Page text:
Vegan or Vegetarian: Here’s How They’re Different


How do you know whether someone is a vegan or vegetarian? For the longest time, I wrongly assumed they were interchangeable.

Some people consume much less meat, especially less red meat, than they used to. People make such decisions for a variety of reasons, including health concerns and animal welfare concerns.

I remember the term vegetarian being around for as long as I can remember.

But the term vegan seems newer to me. I think people began using it more recently. It is not, however, the same thing.

So here, as presented by a carnivore, is the difference between the two.


This one is pretty simple. Vegetarians do not eat meat.

Some people I know who claim they’re vegetarian will actually eat fish. Last I heard, fish was meat, but they seem to think it somehow doesn’t count.

Well, according to the Vegetarian Society — yes, there is such a group — vegetarians do not eat any meat. That includes beef, poultry, pork and fish and seafood.

Some vegetarians, known as lacto-ovo vegetarians, avoid all animal flesh but they do consume eggs, milk and dairy products.

Another level of vegetarianism, the lacto vegetarian, avoids animal flesh and eggs, but still consumes dairy.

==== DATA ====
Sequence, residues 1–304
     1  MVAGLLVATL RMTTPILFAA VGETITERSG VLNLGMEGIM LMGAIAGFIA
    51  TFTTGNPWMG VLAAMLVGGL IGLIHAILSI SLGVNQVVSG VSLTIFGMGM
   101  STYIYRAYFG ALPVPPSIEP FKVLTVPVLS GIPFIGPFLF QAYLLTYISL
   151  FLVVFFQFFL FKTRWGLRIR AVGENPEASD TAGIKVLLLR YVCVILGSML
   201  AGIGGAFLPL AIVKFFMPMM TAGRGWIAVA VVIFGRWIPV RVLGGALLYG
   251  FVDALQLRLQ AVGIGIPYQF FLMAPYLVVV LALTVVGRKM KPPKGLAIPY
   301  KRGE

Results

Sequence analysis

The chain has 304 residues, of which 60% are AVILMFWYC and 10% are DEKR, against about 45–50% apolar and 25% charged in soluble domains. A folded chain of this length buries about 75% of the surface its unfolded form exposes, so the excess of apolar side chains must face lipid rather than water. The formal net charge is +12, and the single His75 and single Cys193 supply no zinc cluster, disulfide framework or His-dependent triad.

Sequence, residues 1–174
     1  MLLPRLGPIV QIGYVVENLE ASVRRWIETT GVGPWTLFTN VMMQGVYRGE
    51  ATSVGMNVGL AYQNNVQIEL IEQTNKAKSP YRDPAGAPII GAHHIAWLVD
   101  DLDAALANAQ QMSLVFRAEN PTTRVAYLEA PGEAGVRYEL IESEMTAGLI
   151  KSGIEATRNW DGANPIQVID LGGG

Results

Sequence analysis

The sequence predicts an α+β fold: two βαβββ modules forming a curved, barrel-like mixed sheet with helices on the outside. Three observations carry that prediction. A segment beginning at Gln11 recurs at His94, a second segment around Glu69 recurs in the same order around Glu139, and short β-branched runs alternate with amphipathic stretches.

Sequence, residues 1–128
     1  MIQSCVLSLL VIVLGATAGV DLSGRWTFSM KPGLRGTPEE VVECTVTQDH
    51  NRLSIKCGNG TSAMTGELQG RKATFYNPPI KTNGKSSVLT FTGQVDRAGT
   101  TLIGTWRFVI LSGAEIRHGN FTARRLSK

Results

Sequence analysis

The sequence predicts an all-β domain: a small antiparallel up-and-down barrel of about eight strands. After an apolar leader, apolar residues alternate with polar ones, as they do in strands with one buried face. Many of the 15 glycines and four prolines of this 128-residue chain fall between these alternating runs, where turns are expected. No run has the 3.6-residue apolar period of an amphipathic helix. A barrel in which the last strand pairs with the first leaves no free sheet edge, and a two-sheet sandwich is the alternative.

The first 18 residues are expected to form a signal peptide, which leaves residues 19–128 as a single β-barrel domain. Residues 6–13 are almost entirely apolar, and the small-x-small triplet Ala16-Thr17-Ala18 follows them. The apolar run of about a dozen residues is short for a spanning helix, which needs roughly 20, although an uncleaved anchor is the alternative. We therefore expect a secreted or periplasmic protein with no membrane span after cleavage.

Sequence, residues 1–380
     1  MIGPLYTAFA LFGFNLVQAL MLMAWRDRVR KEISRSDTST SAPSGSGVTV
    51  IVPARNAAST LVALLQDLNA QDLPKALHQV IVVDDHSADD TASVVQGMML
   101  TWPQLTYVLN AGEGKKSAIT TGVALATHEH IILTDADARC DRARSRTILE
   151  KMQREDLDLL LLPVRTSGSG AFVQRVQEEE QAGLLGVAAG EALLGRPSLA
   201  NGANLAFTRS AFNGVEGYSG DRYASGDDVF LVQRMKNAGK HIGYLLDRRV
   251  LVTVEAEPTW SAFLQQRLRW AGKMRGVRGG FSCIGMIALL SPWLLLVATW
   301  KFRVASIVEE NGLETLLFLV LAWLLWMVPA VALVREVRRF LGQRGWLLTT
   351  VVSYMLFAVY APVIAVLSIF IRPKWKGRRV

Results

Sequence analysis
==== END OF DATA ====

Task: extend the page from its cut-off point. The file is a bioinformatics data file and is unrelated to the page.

Ovo vegetarians avoid all animal products except eggs.

Oh, and those wanna-be vegetarians who do eat fish are actually called pescatarians, according to Healthline.

So what are vegetarians allowed to eat? The aforementioned Vegetarian Society lists the following:

  • Vegetables
  • Fruits
  • Eggs
  • Grains and Pulses
  • Seeds
  • Nuts
  • Honey
  • Milk

(The dairy options, of course, depend on which of the above levels of vegetarians we’re talking about.)

That leaves the last level of vegetarianism.


When you’re talking about vegans, you’re taking things to the extreme.

Vegans eliminate all animal flesh, eggs, and dairy products from their diet. But they don’t stop there.

True vegans also avoid using any products that come from animals. Even something like honey, which bees make, is off-limits.

That means they avoid leather, suede, wool and silk because those materials come from animals and in some cases, animals must be killed or injured to obtain the materials.

While being a vegetarian is often considered having a diet, being vegan means living a lifestyle choice that protects (or at least doesn’t exploit) animals, depending on your point of view.

Do you consider yourself any level of vegetarian?

1 Comment

  1. Thanks for writing about this topic!

    I’m vegan now but I got to this point gradually. I started off being pescetarian (a vegetarian who also eats fish and seafood), then a vegetarian and finally vegan.

    I’m more than willing to answer questions about the lifestyle if anyone wants to know more.

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Patrick is a Christian with more than 30 years experience in professional writing, producing and marketing. His professional background also includes social media, reporting for broadcast television and the web, directing, videography and photography. He enjoys getting to know people over coffee and spending time with his dog.